DRAFTING OF A GEOSITE PROJECT IN THREE EVOLUTIONARY STAGES
The geological importance of the middle But Valley geosite lies in its well-defined sequence of evolutionary stages (Fig. 3), in chronological order:
- a massive rockslide from Mts. di Rivo and Cucco, which caused a large main scarp and gave origin to a thick chaotic deposit in the valley bottom (about 10,000 years ago).
- a palaeolake more than 6 km2-wide and about 100 m-deep, which formed due to blocking of the upstream water-flow of the River But; for almost 5,000 years, several tens of meters of muds, sands and gravels piled up on the palaeolake bottom.
- the palaeolake emptying followed the collapse of the rockslide mass, about 5,000 years ago; this produced a terraced erosive surface in the lacustrine-deltaic sediments. At the same time, greater erosion of the main scarp of the rockslide and along the valley slopes resulted in the progradation of wide alluvial fans. In recent times, these alluvial fans have been cut off by fluvial erosion.
The same sequence (1-2-3) could be divided into many more events or ‘evolutionary stages’.
These are, in order: a) massive rockslide; b) upstream water-flow stopping; c) lake formation; d) sedimentation onto the lake bottom; e) erosional collapse of the rockslide mass; f) emptying of the palaeolake; g) terraced erosion surfaces in the lacustrine deposits; h) erosion of the valley slopes; i) alluvial fans progradation; and j) recent fluvial cut-off of the alluvial fan deposits.
However, such a division is not advisable, as dealing with more than three evolutionary stages for one geosite would make it more difficult to understand and memorize. Therefore, two -or three at most- main evolutionary stages are sufficient to briefly describe the history of a composite geosite in order to make this evolution easily understandable.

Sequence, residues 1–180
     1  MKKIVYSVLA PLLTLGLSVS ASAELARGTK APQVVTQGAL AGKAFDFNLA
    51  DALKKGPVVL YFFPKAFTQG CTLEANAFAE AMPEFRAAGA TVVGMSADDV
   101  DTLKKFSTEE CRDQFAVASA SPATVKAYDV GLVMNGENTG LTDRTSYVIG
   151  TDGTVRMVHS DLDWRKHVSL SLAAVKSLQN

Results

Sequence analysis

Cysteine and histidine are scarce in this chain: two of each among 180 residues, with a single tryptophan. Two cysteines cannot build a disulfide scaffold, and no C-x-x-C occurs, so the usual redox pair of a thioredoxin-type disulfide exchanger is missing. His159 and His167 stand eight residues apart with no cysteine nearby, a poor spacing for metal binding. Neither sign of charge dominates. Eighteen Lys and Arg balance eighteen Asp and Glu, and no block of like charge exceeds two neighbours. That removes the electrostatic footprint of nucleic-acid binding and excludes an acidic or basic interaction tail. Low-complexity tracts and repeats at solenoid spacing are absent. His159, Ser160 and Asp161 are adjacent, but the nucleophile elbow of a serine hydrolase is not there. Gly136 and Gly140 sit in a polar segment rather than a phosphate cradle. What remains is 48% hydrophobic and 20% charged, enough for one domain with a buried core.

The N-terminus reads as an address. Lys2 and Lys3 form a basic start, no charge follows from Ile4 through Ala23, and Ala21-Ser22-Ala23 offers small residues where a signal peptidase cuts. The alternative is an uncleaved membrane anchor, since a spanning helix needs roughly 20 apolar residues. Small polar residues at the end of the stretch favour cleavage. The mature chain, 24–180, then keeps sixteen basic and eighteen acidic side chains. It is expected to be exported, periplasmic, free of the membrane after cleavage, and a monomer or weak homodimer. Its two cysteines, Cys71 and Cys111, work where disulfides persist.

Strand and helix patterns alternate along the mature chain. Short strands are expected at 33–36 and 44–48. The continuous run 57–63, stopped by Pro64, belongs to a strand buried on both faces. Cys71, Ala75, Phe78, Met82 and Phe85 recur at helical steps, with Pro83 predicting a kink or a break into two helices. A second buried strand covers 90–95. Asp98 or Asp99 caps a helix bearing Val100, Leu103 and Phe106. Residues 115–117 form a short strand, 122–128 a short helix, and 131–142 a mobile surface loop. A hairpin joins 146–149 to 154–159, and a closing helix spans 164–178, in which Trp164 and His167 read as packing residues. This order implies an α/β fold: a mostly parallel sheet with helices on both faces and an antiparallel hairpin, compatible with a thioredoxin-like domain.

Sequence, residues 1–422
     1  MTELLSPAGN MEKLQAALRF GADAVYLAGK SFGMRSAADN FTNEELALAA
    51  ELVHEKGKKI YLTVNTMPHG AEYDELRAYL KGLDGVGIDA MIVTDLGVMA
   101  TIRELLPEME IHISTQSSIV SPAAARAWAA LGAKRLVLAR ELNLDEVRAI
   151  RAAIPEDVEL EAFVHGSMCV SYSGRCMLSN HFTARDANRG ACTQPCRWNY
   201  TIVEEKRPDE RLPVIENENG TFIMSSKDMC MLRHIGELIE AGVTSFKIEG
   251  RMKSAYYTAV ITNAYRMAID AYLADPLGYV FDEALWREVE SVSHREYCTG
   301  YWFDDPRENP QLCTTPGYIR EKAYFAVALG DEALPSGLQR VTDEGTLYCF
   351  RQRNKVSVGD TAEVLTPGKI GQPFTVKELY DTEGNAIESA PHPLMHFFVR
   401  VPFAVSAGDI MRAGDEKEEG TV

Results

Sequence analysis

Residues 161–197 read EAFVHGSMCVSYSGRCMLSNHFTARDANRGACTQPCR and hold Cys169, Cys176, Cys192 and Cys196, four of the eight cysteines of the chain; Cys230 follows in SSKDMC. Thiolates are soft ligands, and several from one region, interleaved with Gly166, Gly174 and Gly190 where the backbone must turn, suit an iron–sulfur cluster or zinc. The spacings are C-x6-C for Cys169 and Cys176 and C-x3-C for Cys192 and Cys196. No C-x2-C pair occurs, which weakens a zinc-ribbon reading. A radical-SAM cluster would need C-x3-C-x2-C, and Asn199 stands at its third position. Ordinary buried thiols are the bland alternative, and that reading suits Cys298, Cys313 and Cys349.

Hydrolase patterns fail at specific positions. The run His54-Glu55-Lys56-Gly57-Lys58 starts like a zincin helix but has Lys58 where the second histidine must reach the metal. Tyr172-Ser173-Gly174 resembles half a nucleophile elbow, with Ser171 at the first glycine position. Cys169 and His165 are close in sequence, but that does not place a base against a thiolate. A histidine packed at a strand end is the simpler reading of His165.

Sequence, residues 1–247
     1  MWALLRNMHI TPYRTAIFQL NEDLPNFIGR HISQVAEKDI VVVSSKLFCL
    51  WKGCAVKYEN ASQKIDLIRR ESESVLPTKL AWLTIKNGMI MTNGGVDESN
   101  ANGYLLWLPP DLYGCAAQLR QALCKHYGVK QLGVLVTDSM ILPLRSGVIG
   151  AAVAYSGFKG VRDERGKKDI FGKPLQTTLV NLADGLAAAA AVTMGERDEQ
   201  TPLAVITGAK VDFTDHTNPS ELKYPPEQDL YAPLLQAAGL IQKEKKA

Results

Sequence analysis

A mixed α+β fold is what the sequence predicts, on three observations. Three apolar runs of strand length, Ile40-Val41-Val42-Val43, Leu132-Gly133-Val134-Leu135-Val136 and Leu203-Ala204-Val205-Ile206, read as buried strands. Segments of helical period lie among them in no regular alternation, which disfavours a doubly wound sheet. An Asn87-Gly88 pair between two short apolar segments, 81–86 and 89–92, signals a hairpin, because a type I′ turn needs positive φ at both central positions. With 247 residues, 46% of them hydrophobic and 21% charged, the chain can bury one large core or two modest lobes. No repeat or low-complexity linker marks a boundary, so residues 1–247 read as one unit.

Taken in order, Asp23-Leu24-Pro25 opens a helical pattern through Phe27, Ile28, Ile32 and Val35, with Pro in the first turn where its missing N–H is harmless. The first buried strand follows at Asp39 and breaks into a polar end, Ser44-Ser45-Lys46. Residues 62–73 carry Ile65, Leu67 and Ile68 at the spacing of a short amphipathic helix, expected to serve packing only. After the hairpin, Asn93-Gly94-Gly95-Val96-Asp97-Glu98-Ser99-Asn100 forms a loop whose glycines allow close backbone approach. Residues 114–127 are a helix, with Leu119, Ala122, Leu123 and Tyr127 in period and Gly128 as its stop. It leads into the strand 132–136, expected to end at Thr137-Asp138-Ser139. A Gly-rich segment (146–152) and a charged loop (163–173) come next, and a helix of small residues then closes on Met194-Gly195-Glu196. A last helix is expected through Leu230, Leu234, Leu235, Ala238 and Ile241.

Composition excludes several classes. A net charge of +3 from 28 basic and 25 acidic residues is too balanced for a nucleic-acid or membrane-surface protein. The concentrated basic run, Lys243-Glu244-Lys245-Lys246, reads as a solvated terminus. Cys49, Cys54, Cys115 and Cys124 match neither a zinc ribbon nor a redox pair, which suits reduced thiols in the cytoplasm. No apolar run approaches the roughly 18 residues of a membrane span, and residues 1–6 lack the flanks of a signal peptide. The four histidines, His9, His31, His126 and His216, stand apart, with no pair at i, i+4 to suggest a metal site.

On the other hand, those visiting the geosite should be informed of the main field evidences the interpretation is based on.
In the middle But Valley geosite, geomorphological and sedimentary processes occurred over an area of about 40 km2 and over 10,000 years, from the early Holocene to the Present. It is of fundamental importance to look for field tracks and choose the best and most spectacular and outstanding of these in order to adequately document the discrete evolutionary stages of the area. The many features forming a composite geosite, such as those considered, can be highlighted in many and different ways.
The first of these methods are photographs with captions providing explanations. Nevertheless, photographs are often not sufficient to provide the layman with an understanding of the true meaning of the depicted object, and in many cases it will be necessary to include signs and graphic markers in the pictures.
Another suitable way to represent field data are drawings. In some cases drawings pointing out meaningful outlines accompany photographs. At other times, drawings may represent cross-sections, which are useful in order to show a particular morphology and/or stratigraphic units and the tectonic features in depth. Drawings can also be used to show the stratigraphic column of the site, i.e. the vertical distribution of the sediments and their mutual relations in the investigated area (stratigraphic framework).
One of the most interesting types of drawing is the block-diagram. This is a 3D picture generally used to show wide areas of smoothed morphology and/or peculiar features. With regard to 3D images, the DTM (Digital Terrain Model) -also known as DEM (Digital Elevation Map)- should in particular be mentioned, as the most advanced technology used for representing surface morphology.
The Digital Terrain Models presented in this work were created using the TN3D desktop software produced by Terranova S.r.l. 3D modelling is based on elevation data (spatial and attribute data) obtained from vectorial CTR information at the scales 1:5,000 and 1:25,000, kindly supplied by the Cartographic Office of the Regione Autonoma Friuli-Venezia Giulia.